Experimental diabetes drugs offer patients hope
Some experimental diabetes treatments in late testing offer patients hope of better controlling their blood sugar and weight and preventing dangerously low blood sugar, all big challenges for millions of diabetics.
Results from studies of several new diabetes medicines and insulin products, just announced at the premiere U.S. conference for diabetes specialists, likewise hold the promise of billions in annual revenue for drugmakers that have dominated the diabetes market and for others breaking into it. They have been presenting their data at the American Diabetes Association conference, held in Philadelphia from last Friday through Monday.
Until the last decade, relatively few companies made treatments for diabetes, a chronic condition in which the body either does not make enough insulin to break down the sugar in foods or uses insulin inefficiently.
Now many more drugmakers have jumped in, as the number of American diabetes patients is about 26 million and growing fast, and there are tens of millions more in Western Europe, China and India.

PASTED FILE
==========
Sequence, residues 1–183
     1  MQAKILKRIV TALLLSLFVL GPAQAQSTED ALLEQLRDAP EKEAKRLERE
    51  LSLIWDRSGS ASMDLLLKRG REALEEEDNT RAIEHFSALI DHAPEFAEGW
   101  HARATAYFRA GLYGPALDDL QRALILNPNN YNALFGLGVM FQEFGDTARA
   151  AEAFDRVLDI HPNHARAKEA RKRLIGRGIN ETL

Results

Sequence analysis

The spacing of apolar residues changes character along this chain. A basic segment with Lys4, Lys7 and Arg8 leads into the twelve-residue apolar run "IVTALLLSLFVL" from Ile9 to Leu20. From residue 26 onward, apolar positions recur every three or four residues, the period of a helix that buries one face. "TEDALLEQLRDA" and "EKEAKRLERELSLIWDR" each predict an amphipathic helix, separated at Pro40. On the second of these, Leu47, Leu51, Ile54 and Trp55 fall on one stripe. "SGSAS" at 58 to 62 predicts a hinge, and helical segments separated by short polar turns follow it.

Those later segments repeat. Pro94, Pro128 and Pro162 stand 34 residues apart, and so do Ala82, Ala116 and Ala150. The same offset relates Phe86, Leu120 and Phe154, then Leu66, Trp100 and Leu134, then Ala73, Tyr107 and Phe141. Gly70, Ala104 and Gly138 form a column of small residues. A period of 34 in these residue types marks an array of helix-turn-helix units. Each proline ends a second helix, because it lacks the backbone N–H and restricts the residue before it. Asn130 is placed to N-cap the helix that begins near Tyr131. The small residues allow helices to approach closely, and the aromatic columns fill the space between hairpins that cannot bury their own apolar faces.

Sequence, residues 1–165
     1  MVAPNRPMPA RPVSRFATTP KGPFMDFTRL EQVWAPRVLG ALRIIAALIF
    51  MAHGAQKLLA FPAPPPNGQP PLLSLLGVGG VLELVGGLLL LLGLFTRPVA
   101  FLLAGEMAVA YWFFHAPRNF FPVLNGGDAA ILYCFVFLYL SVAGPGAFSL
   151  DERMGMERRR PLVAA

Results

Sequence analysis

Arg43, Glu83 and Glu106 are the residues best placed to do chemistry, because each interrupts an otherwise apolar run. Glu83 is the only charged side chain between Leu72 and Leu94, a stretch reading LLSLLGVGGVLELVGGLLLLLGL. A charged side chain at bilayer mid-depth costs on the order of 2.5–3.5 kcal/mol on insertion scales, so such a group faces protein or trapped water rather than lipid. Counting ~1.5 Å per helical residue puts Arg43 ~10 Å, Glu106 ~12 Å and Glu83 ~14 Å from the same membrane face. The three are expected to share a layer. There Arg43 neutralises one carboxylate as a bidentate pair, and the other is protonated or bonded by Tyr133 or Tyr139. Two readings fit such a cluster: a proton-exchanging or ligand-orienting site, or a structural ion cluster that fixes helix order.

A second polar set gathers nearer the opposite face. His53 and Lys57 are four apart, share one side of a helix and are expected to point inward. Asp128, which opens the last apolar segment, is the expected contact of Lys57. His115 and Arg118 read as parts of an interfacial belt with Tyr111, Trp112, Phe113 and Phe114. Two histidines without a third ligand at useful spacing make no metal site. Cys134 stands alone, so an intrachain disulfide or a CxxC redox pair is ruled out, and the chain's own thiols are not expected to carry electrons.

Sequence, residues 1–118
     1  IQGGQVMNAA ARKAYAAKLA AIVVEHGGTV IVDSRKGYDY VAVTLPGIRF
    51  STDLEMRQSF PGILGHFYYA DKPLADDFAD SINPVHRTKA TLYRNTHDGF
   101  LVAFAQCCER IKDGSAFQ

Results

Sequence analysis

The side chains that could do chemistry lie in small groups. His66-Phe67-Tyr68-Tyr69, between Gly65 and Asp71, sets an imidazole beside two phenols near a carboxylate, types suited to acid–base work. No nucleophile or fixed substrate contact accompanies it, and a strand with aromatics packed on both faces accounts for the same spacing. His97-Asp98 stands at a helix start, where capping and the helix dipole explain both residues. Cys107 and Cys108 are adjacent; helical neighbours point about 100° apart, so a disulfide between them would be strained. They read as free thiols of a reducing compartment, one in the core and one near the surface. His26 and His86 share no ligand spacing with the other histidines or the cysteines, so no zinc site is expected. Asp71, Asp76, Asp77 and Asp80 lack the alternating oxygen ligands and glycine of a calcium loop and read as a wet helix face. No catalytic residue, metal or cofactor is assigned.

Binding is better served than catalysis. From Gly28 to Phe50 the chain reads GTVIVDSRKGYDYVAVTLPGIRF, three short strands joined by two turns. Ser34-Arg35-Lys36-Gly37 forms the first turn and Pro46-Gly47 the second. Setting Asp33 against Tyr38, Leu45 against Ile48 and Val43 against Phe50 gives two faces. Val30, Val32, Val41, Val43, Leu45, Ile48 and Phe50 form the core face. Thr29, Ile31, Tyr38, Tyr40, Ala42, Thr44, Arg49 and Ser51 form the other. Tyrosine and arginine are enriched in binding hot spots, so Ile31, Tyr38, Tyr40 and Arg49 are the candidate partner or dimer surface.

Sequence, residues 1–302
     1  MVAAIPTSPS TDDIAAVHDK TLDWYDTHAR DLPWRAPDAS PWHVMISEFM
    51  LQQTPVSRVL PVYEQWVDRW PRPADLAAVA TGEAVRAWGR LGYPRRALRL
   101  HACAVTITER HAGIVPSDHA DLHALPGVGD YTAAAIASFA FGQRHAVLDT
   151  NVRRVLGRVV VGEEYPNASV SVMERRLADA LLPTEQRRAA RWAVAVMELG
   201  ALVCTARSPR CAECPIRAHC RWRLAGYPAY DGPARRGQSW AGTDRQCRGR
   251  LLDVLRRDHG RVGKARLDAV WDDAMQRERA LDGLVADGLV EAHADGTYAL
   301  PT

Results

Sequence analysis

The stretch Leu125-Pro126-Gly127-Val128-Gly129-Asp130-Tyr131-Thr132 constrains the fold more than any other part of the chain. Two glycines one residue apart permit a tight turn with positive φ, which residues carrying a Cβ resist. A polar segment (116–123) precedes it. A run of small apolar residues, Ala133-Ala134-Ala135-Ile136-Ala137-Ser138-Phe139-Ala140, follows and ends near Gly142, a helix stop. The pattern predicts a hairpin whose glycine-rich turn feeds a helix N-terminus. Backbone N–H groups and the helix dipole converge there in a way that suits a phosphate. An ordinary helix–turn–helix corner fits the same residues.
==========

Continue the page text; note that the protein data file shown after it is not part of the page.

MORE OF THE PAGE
That's because the global obesity epidemic has caused a similar explosion of diabetes cases. About 95 percent are Type 2 diabetes, usually related to being overweight and sedentary. Type 2, once called adult-onset diabetes, now is also being diagnosed in adolescents, just like insulin-dependent Type 1 diabetes, which used to be called juvenile diabetes.
Both types can cause early death or devastating complications — blindness, amputations, stroke, kidney disease, heart disease and more — when too-high blood sugar steadily damages organs and blood vessels.
Roughly $200 billion a year is spent on treating diabetes and indirect costs such as missed work and premature death, according to the diabetes association.
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